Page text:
Making class on time on a campus that may be several times the size of your high school campus requires some forethought.
Not only is class important, but getting to know Spokane is a fun venture that one can partake in with friends old and new. When considering how to get around campus, the storage constraints of small dorms and Spokane weather are both factors to keep in mind.
Here a few of the best ways a new Zag can find their way around campus.
Bicycle: The most cumbersome method of transportation, but speedy, mostly weather proof and a good way to work cardio. No matter the conditions, a bicycle provides consistent results and can be almost as quick as a car.
There are plenty of places to lock up and some dorms have secure enclosures for safekeeping or even bicycle lockers for individual storage.
The Gonzaga Outdoors bike shop on the corner of Mulligan and Madonna can service and repair bikes and has a free tool/pump station that is available all hours of the day. They also have day/weekend rentals for mountain or road bikes as well as a semester/yearly rental program.
Skateboard: In contention with the bicycle for the most popular way of getting around, a skateboard (longboard, cruiser, penny, electric, etc.) suits the campus’s mostly flat topology. Though Bulldog Alley is laid with brick, it’s smooth and a good surface to ride on.
Skateboards are small enough that storage is convenient and they can be carried into the classroom. Some spaces, like the COG and Jepson have board racks for a variety of board sizes.
While this is a handy method of transportation, dry, rainy or snowy days may discourage you from riding, and some of the streets surrounding the school aren’t the smoothest.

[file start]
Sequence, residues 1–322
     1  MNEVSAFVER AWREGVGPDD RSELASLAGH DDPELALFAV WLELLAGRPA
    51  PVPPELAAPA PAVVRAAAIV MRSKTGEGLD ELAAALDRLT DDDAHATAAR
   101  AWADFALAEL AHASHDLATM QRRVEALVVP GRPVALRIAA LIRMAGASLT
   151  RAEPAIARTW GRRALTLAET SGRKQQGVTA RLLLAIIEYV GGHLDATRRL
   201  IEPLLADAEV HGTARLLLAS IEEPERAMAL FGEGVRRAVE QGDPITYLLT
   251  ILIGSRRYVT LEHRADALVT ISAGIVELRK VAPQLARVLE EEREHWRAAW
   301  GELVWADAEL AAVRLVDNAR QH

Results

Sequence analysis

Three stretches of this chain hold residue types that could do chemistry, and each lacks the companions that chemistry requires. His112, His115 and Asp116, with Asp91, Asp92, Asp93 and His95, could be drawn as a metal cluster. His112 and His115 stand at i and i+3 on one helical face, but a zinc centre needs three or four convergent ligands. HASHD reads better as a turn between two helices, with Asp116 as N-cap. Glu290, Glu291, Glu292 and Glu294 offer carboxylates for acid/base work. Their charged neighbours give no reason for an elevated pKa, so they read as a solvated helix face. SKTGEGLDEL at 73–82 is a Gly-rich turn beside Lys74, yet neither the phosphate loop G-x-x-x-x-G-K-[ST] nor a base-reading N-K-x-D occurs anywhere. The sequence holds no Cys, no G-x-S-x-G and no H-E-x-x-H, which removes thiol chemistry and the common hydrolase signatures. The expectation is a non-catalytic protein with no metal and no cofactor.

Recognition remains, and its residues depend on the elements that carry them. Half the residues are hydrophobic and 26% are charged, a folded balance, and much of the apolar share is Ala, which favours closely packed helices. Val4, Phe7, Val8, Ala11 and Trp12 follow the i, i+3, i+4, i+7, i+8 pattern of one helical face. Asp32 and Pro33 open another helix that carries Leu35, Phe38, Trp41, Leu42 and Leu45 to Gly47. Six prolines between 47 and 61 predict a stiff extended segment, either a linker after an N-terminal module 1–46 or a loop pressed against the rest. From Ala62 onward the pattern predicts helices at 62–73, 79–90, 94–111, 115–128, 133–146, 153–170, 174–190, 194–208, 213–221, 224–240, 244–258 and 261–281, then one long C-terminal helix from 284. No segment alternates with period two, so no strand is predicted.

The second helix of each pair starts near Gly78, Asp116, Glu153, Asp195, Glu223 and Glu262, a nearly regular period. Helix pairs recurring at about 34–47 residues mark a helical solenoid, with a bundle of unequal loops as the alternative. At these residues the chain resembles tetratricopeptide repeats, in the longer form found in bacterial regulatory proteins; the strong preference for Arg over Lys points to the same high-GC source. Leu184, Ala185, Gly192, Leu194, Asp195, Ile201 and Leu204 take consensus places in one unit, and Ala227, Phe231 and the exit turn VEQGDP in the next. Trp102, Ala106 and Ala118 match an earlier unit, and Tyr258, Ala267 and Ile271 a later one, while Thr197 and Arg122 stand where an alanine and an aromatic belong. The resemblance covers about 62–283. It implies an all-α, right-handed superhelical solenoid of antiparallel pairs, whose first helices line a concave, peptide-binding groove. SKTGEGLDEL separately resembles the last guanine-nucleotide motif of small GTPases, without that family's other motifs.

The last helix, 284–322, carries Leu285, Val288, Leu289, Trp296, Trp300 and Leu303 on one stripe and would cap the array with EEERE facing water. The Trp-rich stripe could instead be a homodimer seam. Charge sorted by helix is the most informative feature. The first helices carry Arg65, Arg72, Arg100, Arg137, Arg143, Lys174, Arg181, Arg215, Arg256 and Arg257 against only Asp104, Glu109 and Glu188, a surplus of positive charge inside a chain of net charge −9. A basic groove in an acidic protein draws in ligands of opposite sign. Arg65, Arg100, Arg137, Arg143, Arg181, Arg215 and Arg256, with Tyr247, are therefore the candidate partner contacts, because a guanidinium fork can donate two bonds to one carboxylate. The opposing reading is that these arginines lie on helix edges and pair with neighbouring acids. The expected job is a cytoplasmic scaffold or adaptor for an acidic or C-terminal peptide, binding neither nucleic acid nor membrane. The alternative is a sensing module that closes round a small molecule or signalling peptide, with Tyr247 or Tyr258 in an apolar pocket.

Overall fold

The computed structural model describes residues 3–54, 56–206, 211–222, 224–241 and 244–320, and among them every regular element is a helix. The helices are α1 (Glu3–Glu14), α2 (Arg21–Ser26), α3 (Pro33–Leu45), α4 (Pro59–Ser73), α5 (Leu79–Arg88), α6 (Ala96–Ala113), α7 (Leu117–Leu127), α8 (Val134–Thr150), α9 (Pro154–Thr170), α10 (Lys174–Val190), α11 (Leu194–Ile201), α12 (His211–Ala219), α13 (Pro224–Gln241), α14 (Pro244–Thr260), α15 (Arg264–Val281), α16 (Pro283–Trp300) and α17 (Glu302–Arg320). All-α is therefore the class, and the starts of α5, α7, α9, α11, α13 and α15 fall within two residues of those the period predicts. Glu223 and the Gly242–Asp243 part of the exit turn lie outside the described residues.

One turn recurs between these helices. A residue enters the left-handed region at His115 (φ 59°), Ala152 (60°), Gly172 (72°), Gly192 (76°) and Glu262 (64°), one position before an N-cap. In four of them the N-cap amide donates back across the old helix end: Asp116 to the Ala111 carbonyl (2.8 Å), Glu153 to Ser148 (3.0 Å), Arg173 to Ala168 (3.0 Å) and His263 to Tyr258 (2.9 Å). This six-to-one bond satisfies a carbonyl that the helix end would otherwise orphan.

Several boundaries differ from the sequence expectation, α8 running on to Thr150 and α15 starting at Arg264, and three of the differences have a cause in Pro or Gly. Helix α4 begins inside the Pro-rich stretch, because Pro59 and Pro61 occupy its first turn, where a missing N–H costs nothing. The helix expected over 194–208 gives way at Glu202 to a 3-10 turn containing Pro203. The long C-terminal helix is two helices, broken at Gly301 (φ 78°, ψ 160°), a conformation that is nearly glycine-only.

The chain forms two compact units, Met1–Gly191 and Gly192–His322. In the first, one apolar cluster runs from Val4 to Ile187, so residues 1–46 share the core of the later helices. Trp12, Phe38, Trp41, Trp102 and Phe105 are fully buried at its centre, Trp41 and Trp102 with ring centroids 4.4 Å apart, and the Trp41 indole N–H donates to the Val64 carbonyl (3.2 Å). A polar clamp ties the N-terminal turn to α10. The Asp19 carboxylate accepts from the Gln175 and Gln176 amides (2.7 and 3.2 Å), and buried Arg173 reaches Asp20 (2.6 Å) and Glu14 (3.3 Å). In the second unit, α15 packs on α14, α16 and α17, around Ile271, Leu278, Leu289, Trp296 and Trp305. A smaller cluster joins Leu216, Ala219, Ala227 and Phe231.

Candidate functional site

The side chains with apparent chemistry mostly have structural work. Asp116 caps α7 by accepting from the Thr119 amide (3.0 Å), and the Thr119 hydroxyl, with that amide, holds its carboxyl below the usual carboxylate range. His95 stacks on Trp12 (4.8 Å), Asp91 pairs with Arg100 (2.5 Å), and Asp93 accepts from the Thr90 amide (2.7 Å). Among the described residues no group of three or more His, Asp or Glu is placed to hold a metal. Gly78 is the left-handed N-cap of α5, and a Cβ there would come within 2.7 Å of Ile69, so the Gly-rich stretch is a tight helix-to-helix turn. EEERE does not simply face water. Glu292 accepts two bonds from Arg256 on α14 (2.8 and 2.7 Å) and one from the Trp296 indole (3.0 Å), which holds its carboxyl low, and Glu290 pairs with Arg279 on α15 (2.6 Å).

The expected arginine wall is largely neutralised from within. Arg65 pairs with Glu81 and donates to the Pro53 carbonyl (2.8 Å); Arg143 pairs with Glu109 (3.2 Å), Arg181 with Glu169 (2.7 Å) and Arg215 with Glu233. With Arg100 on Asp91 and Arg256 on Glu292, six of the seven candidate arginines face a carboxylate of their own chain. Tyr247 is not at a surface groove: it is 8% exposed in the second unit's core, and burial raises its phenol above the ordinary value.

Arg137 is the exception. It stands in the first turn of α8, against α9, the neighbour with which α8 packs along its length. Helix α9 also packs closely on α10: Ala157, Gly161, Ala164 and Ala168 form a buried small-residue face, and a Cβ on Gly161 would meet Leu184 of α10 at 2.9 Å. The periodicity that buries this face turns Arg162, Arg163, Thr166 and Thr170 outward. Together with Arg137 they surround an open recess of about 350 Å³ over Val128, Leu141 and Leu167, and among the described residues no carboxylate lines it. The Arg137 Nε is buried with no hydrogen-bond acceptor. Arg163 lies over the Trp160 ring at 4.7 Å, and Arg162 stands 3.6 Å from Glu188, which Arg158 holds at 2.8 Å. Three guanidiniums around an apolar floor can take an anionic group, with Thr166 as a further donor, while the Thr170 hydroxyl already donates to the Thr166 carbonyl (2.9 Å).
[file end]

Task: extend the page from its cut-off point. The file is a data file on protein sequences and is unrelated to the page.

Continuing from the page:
Scooters: Comparable to the skateboard in function and relative size, scooters offer a similar speed and range mobility but rely on arm intensive steering.
Many students tend to leave scooters by the entrance of classrooms to eliminate clutter. As the skateboard and bike do, electric scooters can offer a speedy trek.
Throughout campus, Lime Scooters are scattered about, offering transportation for all when needed. They can go up to 14 mph off campus, but are limited to 7 mph on campus. Lime Scooters may not be an ideal mode of transport unless you plan to travel off campus.
It’s also paramount to remember that all lime scooters are not the same. Depending on battery life or condition, some are faster or ride smoother than others. There isn’t a way to tell until you pay through a mobile app and actually ride them.
Through the Lime app, one can find and unlock a scooter by paying $1. The app charges 25 cents by the minute. Requiring no dock, the lime scooters can be found and parked anywhere.
Roller skates/inline skates: A fashionable and unique way of traveling around campus, one is sure to attract glances. For lab classes, one may need to bring spare shoes to change into, as professors will not permit wheeled shoes.
Zipcar: An option for those that didn’t bring their cars to campus, Zipcar allows students to rent cars for short periods of time.
Parked on N Standard St. next to Dillon Residency Hall, a $25 annual fee in addition to hourly or daily rates allows you to drive wherever your heart desires. Zipcar even allows you to make reservations to ensure you have access to a car when you know you’ll need one.
For the registration process, a driver’s license and paying method are required.
Bus: Currently, masks are required to ride the bus and fares are temporarily suspended, but the student ID card grants free rides.
An easy way to get downtown, be sure to plan ahead as the bus doesn’t always arrive on time.
That being said, Google Maps typically overestimates the duration of rides, and the absence of traffic makes for a smooth ride. Like all public transportation, riding the bus allows you to “people-watch” or even get homework done if you’re the productive type. Some routes require transfers, like traveling to the Spokane Valley.